Golan: We ended week seven on an incredible overnight tiyul in the Golan Heights, the northern mountains of Israel.  On our first day we had a learned about the heroism of Eli Cohen, an Israeli spy who helped get information from the Syrian Ministry of Defense in the Six-Day war.  We visited a kibbutz on the border of Lebanon, and learned about life there during times of war.  We went kayaking in the Jordan River, which was crazy and I may or may not have fallen out of my raft. We also stopped briefly at a kibbutz that manufactures Naot sandals, which are the Israeli version of Birkenstocks.  Finally, we arrived at the beautiful kibbutz where we had dinner spent the night.  The next morning we woke up early to beat the heat, and hiked down a dormant volcano where we were greeted with a freezing cold but refreshing swim in a waterfall. The hike was hard but so rewarding and beautiful, and it was also our last hike for the trip.  Plus, after the hike, we had pizza for lunch.  After lunch and an ice cream break, we stopped at an overlook to the Syrian border.  We spoke to some UN soldiers who were stationed there to observe the border. Later, we had a lesson about heroes from the Yom Kippur war, and visited a kibbutz where we watched a documentary about them.  And finally, we had dinner in a Druze village, heard music, and talked with someone who explained what being Druze in Israel is like. Druze is a religion that developed from Islam, and Druze people live in isolated towns to help preserve their traditions.  This tiyul was so much fun and a great one to be our last overnight trip.

I am in absolute denial that I have less than a week left in this beautiful country.  Talk to you next week!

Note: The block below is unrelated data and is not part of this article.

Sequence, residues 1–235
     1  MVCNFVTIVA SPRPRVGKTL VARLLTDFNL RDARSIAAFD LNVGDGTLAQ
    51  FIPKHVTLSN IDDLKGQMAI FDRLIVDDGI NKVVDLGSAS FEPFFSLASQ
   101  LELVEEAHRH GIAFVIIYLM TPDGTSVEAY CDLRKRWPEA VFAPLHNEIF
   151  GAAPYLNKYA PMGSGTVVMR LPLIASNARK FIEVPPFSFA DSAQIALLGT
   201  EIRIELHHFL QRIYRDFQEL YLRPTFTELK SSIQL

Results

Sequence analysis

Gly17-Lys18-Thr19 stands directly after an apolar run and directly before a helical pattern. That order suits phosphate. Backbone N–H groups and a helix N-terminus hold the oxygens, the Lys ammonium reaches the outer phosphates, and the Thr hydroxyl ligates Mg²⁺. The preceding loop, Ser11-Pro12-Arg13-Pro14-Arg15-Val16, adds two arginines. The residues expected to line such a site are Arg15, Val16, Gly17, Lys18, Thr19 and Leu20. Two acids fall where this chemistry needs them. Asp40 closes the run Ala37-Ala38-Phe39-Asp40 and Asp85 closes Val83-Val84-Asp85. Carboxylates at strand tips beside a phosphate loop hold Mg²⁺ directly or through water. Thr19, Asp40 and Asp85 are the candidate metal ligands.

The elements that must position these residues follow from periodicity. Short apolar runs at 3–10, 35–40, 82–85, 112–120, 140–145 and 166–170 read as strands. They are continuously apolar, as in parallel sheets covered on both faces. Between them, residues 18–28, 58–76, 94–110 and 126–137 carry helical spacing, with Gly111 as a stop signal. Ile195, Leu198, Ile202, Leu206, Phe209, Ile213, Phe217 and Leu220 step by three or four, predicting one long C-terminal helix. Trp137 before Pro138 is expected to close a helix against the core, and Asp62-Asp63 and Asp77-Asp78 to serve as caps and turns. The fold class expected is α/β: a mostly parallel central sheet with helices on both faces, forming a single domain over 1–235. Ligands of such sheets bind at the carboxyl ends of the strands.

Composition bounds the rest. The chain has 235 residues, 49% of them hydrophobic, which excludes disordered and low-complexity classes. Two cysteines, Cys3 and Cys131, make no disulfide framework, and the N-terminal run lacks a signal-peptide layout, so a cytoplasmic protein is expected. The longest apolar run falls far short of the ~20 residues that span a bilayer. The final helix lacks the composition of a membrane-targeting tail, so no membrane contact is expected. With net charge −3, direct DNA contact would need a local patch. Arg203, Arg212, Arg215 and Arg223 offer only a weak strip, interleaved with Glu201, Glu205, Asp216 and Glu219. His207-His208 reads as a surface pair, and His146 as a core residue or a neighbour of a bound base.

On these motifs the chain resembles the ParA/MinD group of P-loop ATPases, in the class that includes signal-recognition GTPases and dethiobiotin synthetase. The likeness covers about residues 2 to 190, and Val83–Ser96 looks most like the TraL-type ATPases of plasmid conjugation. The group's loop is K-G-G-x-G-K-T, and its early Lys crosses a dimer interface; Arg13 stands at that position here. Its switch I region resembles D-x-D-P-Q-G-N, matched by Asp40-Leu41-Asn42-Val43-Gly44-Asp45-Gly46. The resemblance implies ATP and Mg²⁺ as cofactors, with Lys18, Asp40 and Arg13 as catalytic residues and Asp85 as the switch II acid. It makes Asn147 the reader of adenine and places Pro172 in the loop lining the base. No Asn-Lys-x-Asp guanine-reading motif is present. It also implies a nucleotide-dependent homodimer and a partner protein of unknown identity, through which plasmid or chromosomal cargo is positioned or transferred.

~Ari

Modernity

May 18 – 25

As of this point, I’m more than halfway through with my trip.  (*panic*) With less than three weeks left, I’m realizing how much I appreciate and cherish all the experiences that I’ve had so far.  Israel is the best.  Anyway, earlier on in the week we took our second huge Israeli history test.  Now, we’re officially done with ancient history, and we’ve moved on to modernity.  Although ancient history is fascinating, it’s been great moving on to topics that are more relevant to today.  Here are some things we did on week five, our first week of modernity.

Zionism Seminar & Leket: Pretty soon after the test, our teacher assigned us a Zionism project.  We got split up into groups and researched five impactful Zionist thinkers.  Then we created presentations on them, including a poster, skit, and song.  We had a day to work, and the next morning we had a “Zionism Seminar” in our dorm, complete with a big breakfast, after which we watched all the lively presentations.  After a really unique morning, we took an afternoon trip to the main food bank of Israel, which is called Leket.  We peeled cabbages and put together crates of onions and radishes for families who needed them.  It didn’t smell the best, but with good music and good friends, anything is fun.